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Diversified Crop Basket

Crop diversification helps farmers double income

Tribal farmers, who were cultivating a single traditional crop, have doubled their income, by switching to high value crops and also by diversifying their crop basket

By switching to high value crops, tribal women farmers have doubled their annual income (Photo courtesy CInI)

Sovni Ben Dhanabhai Khokhariya lives with her family in Choliya village of Khedbrahma administrative block in Sabarkantha district. Choliya is devoid of natural resources and lacks basic infrastructural development, particularly in agriculture.

As per Census 2011, there are 312 families in Choliya village, with a total population of 2,167. The entire village belongs to the Scheduled Tribe community. At 38.16%, the literacy rate of the village is very low, compared to that of Gujarat at 78.03%.

With rain-fed agriculture and allied activities being the predominant means of livelihood, the socio-economic conditions of the people are marginal to poor, with an average annual income of about Rs 40,000. The average land holding of the people in the village is less than an acre.

In 2017, Collectives for livelihood Initiatives (CInI) and its partner organization Vikram Sarabhai Center for Development Interaction, started working in Choliya. The organizations’ objective was to improve agricultural productivity, which in turn would increase the income of tribal households.

Through systematic methods of cultivation, improved irrigation system and by learning about improved farming practices, tribal farmers have started growing high value crops. This has resulted in increased household income.

Traditional crops

Before the intervention, most of the households were following traditional crop practices, with little or no diversity in the crop basket. These factors were hampering growth and were also the major reasons for low productivity and income.

The women farmers learnt about improved farming techniques before diversifying crops (Photo courtesy CInI)

CInI started collaborating with the community to improve agricultural practices. The organization introduced systematic methods of agriculture to the community members. This included a different package of practice for each crop.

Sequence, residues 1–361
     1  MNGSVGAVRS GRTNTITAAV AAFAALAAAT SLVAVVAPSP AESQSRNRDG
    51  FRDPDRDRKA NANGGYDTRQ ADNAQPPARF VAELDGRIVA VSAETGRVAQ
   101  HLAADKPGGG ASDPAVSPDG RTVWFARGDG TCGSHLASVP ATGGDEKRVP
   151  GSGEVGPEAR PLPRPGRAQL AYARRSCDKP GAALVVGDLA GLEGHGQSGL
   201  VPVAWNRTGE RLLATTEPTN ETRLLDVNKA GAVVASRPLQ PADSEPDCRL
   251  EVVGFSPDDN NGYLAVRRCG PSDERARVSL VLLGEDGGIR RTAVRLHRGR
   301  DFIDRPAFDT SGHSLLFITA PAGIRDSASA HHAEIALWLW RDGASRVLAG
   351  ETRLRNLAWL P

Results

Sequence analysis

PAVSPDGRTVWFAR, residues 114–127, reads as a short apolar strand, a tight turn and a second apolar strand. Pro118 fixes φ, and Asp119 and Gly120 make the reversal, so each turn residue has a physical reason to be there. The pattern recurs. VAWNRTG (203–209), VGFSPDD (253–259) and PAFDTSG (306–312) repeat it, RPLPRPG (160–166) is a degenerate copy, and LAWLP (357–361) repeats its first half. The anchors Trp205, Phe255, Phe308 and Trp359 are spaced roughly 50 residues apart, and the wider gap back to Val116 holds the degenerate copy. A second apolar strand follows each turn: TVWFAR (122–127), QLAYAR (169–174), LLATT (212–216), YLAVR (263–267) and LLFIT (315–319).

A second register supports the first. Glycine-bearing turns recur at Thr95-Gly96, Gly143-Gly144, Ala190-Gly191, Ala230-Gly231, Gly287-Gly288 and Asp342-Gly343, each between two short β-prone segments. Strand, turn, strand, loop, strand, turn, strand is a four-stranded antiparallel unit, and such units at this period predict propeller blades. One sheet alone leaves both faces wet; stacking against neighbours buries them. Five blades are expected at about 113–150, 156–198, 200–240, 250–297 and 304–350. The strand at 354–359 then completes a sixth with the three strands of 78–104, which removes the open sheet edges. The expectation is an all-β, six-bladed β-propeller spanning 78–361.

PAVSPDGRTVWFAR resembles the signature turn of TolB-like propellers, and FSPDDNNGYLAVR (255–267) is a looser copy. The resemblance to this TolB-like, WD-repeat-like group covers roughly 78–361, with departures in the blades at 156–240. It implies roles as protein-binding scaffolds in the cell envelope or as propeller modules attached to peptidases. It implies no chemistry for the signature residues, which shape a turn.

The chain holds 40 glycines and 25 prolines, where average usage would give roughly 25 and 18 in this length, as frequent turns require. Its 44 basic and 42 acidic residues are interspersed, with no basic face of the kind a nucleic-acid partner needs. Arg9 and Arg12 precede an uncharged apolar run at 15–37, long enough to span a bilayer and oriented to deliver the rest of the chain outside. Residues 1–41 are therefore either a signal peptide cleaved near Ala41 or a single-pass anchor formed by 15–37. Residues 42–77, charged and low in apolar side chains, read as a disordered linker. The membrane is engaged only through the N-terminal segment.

To facilitate the community further, CInI started working on improved irrigation systems and also developed market linkages. To strengthen these programs, community mobilization with primary and secondary organizations was promoted.

The community members were encouraged to be a part of a self-help group (SHG), to foster each other’s needs and to work together as a community.

High value crops

Sovni Ben Dhanabhai Khokhariya was a member of the Ramdev SHG. Her regular crop basket would include one of the traditional crops like maize, pigeon pea, black gram during kharif (monsoon crop). She would opt for sharecropping during rabi or winter crop season.

But in 2019, Khokhariya started cultivating tomatoes and high value cotton-seed crops in a part of her land, to diversify her crop basket. Before sowing the crop, she learned all about improved techniques of farming.

Her crop productivity increased by nearly 30%. She was able to harvest 3,000 Kg of tomato and 140 Kg of cotton seeds. The diversification of her crop basket reduced her dependence on one type of crop and single source of income. Khokhariya was able to earn RS 40,000 additionally from the high value crops, a jump of 100% in income.


“Sovni Ben has not only helped her own family, but also inspired other marginal farmers from the community. More people are looking forward to adopting similar practices of high value crops and diversifying their crop basket,” said Virendra Vaghani, coordinator at CInI.

Sovni Ben Dhanabhai Khokhariya earned more by choosing high value crops such as cotton and tomato (Photo courtesy CInI)

Khokhariya plans to grow high value crops in a larger area of her land in the next cropping season. The intervention has helped many like Khokhariya, not only in Choliya, but in other villages too. More than 60,000 households have benefitted by switching to high value crops and also by opting for crop diversification.

“It is nice to be able to sell more and better produce. Now we are able to get money at not just one time of year from one harvest, but at different times through different crops,” said Khokhariya. “I don’t need to go to others’ fields for labor work, I can work at my own farm now and it is getting us more money.”

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